Social Distortion's new wave of fans
By John Benson
These days, Social Distortion singer Mike Ness may not be seeking much applause but that’s exactly what this grizzled punk rock legend is receiving wherever he looks.
Despite the fact the band took the last year off, the act’s fanbase grew after its 2011 appearance on “Guitar Center Session” aired repeatedly this summer on a national cable network.
“That’s the thing, it’s still word of mouth, but that particular show got so much exposure,” said Ness, calling from his Southern California home. “I had people, who never heard of Social Distortion, randomly telling me they saw that and liked it. We’re always picking up new fans from all directions. And it’s random, there’s no age group and no demographic. That’s what I like about it. “
Formed during the potent early ’80s punk-rock Orange County movement, Social Distortion helped define the genre with its 1983 debut effort, “Mommy’s Little Monster.” Later in the ’90s, the band would score a few commercial hits, including “Ball and Chain,” “Story of My Life,” “I Was Wrong” and a cover of Johnny Cash’s “Ring of Fire.”
Over the past decade, the Ness-led outfit has taken on an elder statesmen vibe, with old-school fans now joined by the youthful Warped Tour crowd in enjoying the seminal group catalog.
Ness said the band is slowly beginning to look toward the next album, with half a record written. While he’s not setting a timetable for its release, he did disclose stylistically speaking anything is on the table.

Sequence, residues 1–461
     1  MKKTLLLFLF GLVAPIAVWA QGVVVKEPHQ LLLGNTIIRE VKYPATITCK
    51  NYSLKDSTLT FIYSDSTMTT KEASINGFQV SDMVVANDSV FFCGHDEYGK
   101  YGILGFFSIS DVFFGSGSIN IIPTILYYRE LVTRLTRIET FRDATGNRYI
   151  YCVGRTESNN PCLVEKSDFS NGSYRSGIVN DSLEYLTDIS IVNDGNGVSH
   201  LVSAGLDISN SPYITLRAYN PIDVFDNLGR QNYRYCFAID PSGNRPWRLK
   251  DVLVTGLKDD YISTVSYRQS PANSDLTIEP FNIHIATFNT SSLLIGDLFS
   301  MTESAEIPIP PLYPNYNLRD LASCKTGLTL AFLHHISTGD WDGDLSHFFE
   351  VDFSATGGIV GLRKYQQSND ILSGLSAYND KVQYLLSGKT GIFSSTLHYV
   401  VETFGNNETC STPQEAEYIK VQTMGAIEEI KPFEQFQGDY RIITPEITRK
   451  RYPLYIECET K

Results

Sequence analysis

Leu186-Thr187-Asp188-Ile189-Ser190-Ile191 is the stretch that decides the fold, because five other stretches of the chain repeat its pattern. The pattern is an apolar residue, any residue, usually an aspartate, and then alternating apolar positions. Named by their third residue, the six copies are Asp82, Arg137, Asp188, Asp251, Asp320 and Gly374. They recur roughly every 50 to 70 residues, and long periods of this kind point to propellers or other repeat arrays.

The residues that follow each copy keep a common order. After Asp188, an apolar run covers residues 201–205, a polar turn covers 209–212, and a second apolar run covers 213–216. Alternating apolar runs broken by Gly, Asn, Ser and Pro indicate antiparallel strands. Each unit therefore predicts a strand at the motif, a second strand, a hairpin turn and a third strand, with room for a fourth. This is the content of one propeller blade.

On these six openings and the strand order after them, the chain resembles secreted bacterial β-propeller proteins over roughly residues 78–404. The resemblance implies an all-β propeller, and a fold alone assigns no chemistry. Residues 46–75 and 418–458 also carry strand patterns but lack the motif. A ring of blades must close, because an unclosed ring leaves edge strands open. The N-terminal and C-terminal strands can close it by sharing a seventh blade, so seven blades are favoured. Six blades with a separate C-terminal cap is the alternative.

“The next record, I might want to be more primitive or garage or more aggressive but it has to be different from the last record,” Ness said. “The writing just kind of reflects that. I’m writing differently because I want it to be different from the last record.”
He added that unlike other groups that have been around for more than three decades, in his opinion Social Distortion has yet to peak.
“It’s a very strange phenomenon,” Ness said. “Most bands that have been around 35 years, their heyday was 35 years ago and they’re still trying to live off that. For us, it was the opposite. Back then we were struggling, guys in a van going across the country broke. It just kind of evolves and progresses, and we’re really fortunate that way.”
Even though Social Distortion may not be traveling in a grungy and smelly van, the act still has a fondness for touring, which is why Ness and company returned to the road this summer. That includes a Sept. 10 show at the Rodeo Music Hall in Austintown.
Ness said returning to Northeast Ohio is bittersweet but it has nothing to do with the music or fans.
“My favorite hat store isn’t there anymore,” Ness said. “It was an old hat store I used to get my fur felt-brimmed hats. It’s an old-school thing, and so many of these old-school things are getting phased out. It’s disappointing.”
So is Ness worried that just like the haberdasher is viewed as old school, Social Distortion will suffer from the same fate one day leading to him closing up shop?
“No, I don’t know how to do anything else,” Ness said. “Unless I had a wild thing to go back to painting houses for a living, but there wasn’t as much applause in that.”